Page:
Based on monthly streamflow and precipitation data from 1960 to 2010 in the Jinjiang River Basin of China, Standardized Precipitation Index (SPI) and Standardized Streamflow Index (SSI) were used to represent meteorological and hydrological drought, respectively. The response of hydrological drought to meteorological drought under the influence of Shanmei reservoir was investigated. The results indicate that SPI and SSI have a decreasing trend during recent several decades. Monthly scales of SSI series have a significant decreasing trend from November to the following February and a significant increasing trend from May to July at Shilong hydrological station. There are three significant periodic variations with a cycle of 6-7 years, 11-12 years, and 20-21 years for annual scales of SSI series. SPI series have the same periodic variations before the 1980s, but they have not been synchronous with SSI since the 1980s at Shilong due to influences of Shanmei reservoir, especially at the periodic variations of 20-21 years. The variation of the lag time of hydrological drought in response to meteorological drought is significant at the seasonal scale. The lag time of hydrological drought to meteorological drought extends one month on average in spring, summer, and autumn but about three months in winter.
Bimetallic nanoparticles of noble metals are of high interest in imaging, biomedical devices, including nanomedicine, and heterogeneous catalysis. Synthesis, properties, characterization, biological properties, and practical applicability of nanoparticles on the basis of platinum group metals and the coin metals Ag and Au are discussed, also in comparison with the corresponding monometallic nanoparticles. In addition to the parameters that are required to characterize monometallic nanoparticles (mainly size, size distribution, shape, crystallographic nature, surface functionalization, charge), further information is required for a full characterization of bimetallic nanoparticles. This concerns the overall elemental composition of a bimetallic nanoparticle population (ratio of the two metals) and the internal distribution of the elements in individual nanoparticles (e.g., the presence of homogeneous alloys, core–shell systems, and possible intermediate stages). It is also important to ensure that all particles are identical in terms of elemental composition, that is, that the homogeneity of the particle population is given. Macroscopic properties like light absorption, antibacterial effects, and catalytic activity depend on these properties. The currently available methods for a full characterization of bimetallic nanoparticles are discussed, and future developments in this field are outlined. Bimetallic nanoparticles offer many possibilities beyond their constituents, that is, the pure metals. For instance, their imaging properties can be fine‐tuned, the antibacterial effects of silver can be changed by blending it with a second metal, and the performance in heterogeneous catalysis including electrocatalysis can be enhanced. The current concepts on synthesis and characterization are outlined.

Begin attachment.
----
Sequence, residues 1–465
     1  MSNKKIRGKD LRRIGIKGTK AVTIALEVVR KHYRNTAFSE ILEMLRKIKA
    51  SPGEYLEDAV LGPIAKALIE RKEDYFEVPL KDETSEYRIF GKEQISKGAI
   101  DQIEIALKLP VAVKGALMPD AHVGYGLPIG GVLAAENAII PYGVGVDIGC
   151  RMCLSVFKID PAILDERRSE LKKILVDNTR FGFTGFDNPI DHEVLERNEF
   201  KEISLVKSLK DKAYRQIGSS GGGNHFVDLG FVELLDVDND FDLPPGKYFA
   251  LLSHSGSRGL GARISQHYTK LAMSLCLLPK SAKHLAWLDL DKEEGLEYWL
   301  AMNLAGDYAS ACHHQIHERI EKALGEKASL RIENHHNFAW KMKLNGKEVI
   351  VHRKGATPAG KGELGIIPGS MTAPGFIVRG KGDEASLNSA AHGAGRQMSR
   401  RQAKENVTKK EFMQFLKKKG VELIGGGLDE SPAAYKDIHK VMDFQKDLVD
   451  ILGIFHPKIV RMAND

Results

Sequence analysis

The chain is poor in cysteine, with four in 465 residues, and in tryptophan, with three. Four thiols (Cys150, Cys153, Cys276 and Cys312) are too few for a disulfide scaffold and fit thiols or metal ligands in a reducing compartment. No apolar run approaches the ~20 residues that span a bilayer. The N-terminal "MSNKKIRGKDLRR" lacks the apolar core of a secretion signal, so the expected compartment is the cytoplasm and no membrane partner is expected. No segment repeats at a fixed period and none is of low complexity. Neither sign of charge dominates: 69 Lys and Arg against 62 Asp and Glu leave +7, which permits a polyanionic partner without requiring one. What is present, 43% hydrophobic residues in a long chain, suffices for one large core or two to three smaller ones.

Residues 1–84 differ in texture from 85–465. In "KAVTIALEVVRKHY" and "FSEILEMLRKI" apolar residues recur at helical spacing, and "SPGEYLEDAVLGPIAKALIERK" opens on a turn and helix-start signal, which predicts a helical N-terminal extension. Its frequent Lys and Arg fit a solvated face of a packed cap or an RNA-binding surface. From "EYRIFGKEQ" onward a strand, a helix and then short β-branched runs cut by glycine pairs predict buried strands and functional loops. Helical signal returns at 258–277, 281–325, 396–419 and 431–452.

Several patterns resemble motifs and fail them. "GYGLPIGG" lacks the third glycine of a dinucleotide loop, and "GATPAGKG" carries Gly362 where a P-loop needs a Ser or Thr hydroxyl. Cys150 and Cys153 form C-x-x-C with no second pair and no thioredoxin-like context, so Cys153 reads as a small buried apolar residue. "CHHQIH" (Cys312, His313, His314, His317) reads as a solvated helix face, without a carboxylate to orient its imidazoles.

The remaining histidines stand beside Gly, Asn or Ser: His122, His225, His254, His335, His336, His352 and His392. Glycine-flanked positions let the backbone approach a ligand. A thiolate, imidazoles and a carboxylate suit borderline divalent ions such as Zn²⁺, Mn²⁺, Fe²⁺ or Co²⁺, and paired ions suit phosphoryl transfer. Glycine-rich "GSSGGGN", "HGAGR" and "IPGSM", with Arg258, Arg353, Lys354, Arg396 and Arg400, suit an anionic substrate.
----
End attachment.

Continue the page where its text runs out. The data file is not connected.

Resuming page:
Bimetallic silver-gold nanoparticles were prepared by co-reduction using citrate and tannic acid in aqueous solution and colloidally stabilized with poly(N-vinylpyrrolidone) (PVP). The full composition range of silver : gold from 0 : 100 to 100 : 0 (n : n) was prepared with steps of 10 mol%. The nanoparticles were spherical, monodispersed, and had a diameter of B6 nm, except for Ag : Au 90 : 10 nanoparticles and pure Ag nanoparticles which were slightly larger. The size of the nanoalloys was determined by differential centrifugal sedimentation (DCS) and transmission electron microscopy (TEM). By means of X-ray powder diffraction (XRD) together with Rietveld refinement, precise lattice parameters, crystallite size and microstrain were determined. Scanning transmission electron microscopy (STEM) combined with energy-dispersive X-ray spectroscopy (EDX) and electron energy loss spectroscopy (EELS) showed that the particles consisted of a gold-rich core and a silver-rich shell. XRD and DCS indicated that the nanoparticles were not twinned, except for pure Ag and Ag : Au 90 : 10, although different domains were visible in the TEM. A remarkable negative deviation from Vegard's linear rule of alloy mixtures was observed (isotropic contraction of the cubic unit cell with a minimum at a 50 : 50 composition). This effect was also found for Ag:Au bulk alloys, but it was much more pronounced for the nanoalloys. Notably, it was much less pronounced for pure silver and gold nanoparticles. The microstrain was increased along with the contraction of the unit cell with a broad maximum at a 50 : 50 composition. The synthesis is based on aqueous solvents and can be easily scaled up to a yield of several mg of a well dispersed nanoalloy with application potential due to its tuneable antibacterial action (silver) and its optical properties for bioimaging.